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Low Volatility
By Lawrence G. McMillan

The title of this article is a question that seems to be asked in many places recently. We have written about this in the past, and our intention in this article is not to re-hash previous discussions. Rather, in this article, we’ll document periods of time where $VIX got low and stayed low for a long while.

Before we get started, let me refresh some conclusions that we have reached before, regarding the relationship between implied volatility ($VIX) and realized volatility (HV20 – the 20-day historical volatility of $SPX). $VIX does not tend to stray too far from HV20, even in market crashes. With HV20 at 7%, where do you expect $VIX to trade? $VIX at 12% is probably where it should be – maybe even a little lower. There is a close relationship between HV20 and $VIX, as there should be. So, to say $VIX is “too low” is not at all correct.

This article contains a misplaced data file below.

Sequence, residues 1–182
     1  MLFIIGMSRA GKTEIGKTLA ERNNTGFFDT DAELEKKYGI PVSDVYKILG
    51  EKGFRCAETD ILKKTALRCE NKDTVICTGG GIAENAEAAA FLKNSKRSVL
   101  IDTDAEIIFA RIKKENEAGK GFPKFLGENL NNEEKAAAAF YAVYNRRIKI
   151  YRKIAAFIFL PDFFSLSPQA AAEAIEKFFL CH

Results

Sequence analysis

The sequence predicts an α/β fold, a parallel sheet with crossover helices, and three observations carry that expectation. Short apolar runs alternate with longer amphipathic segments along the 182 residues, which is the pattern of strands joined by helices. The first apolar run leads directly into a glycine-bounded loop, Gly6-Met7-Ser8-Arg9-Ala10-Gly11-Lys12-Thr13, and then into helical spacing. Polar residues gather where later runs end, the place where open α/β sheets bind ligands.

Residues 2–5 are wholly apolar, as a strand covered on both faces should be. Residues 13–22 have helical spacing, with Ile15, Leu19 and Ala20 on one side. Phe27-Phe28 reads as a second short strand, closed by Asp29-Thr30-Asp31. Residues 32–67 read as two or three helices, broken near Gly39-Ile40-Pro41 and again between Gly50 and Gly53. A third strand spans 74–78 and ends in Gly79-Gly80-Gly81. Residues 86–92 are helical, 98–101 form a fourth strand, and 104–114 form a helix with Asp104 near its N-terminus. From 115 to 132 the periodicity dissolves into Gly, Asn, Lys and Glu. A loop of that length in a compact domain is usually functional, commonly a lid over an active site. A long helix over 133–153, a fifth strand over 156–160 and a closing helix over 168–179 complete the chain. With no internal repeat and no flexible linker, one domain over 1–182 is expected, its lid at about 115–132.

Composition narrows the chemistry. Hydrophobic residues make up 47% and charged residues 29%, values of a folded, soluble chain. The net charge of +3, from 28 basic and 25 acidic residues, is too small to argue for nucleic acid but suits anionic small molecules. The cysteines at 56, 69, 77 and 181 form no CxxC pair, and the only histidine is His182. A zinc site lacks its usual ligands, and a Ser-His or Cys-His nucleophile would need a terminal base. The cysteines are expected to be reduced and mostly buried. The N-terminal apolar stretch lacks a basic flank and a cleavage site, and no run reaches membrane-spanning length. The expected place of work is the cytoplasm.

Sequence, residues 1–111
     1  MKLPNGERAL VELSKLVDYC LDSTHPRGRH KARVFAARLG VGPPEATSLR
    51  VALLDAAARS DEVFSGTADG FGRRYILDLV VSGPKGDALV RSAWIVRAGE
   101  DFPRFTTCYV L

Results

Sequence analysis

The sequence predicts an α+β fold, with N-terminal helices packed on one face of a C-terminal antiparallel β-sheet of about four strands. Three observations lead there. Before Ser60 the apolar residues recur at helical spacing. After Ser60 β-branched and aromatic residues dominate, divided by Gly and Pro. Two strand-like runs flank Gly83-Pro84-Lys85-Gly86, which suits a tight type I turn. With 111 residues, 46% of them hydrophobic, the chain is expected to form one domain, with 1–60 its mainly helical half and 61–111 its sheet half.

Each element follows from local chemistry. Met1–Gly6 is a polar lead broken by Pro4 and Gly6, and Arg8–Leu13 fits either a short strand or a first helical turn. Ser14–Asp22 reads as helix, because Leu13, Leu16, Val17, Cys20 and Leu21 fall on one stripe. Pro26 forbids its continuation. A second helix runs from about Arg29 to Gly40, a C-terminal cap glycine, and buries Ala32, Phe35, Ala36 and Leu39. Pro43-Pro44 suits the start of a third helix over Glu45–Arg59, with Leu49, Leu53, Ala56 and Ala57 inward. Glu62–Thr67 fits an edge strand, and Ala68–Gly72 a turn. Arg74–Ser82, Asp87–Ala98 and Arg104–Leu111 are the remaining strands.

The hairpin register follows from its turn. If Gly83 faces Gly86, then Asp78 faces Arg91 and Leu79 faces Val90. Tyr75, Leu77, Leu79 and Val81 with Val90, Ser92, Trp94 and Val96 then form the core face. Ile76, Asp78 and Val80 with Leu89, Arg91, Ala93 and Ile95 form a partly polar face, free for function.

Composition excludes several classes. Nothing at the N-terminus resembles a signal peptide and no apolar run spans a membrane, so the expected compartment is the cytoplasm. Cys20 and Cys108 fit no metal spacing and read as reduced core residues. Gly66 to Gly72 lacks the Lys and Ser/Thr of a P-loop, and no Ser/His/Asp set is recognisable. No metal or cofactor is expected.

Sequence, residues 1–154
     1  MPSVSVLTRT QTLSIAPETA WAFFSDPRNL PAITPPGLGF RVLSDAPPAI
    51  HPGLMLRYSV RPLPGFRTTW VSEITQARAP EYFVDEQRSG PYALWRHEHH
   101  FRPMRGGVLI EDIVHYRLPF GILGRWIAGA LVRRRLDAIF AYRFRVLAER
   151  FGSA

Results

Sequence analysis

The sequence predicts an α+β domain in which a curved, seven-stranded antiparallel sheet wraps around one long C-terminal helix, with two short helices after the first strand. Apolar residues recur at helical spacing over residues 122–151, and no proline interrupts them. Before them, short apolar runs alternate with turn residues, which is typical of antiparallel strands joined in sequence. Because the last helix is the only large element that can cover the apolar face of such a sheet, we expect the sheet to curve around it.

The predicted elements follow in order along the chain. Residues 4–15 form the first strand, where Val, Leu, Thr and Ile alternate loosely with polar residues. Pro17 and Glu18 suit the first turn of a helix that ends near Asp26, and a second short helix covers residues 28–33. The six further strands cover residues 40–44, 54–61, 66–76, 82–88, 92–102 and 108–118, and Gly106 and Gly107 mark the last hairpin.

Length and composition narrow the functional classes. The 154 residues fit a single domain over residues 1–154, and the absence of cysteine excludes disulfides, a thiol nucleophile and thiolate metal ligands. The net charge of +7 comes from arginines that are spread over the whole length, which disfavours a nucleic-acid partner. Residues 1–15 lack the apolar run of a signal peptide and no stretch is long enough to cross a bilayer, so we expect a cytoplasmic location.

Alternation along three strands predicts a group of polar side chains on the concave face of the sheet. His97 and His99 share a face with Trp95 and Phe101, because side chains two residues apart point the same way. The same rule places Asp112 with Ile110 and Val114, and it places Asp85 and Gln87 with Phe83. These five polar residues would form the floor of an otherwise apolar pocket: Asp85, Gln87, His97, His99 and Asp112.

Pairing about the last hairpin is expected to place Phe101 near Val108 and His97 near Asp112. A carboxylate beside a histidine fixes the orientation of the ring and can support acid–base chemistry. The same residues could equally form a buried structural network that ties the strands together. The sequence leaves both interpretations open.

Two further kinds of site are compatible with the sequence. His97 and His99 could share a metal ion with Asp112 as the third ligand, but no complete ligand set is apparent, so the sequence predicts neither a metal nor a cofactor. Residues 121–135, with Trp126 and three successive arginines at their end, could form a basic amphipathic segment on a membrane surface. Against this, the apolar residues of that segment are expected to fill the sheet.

Now, let’s turn our attention to this article. In the financial media recently, there have been several articles that are warning investors to be cautious because $VIX is “too low.” These articles make great fodder for the press, but in general are lacking practical trading sense. Just because $VIX is low doesn’t mean that the stock market is immediately going to collapse. It may be a precursor to some broad market selling further down the road, but a low $VIX is not a problem until $VIX begins to rise out of its “low” state...

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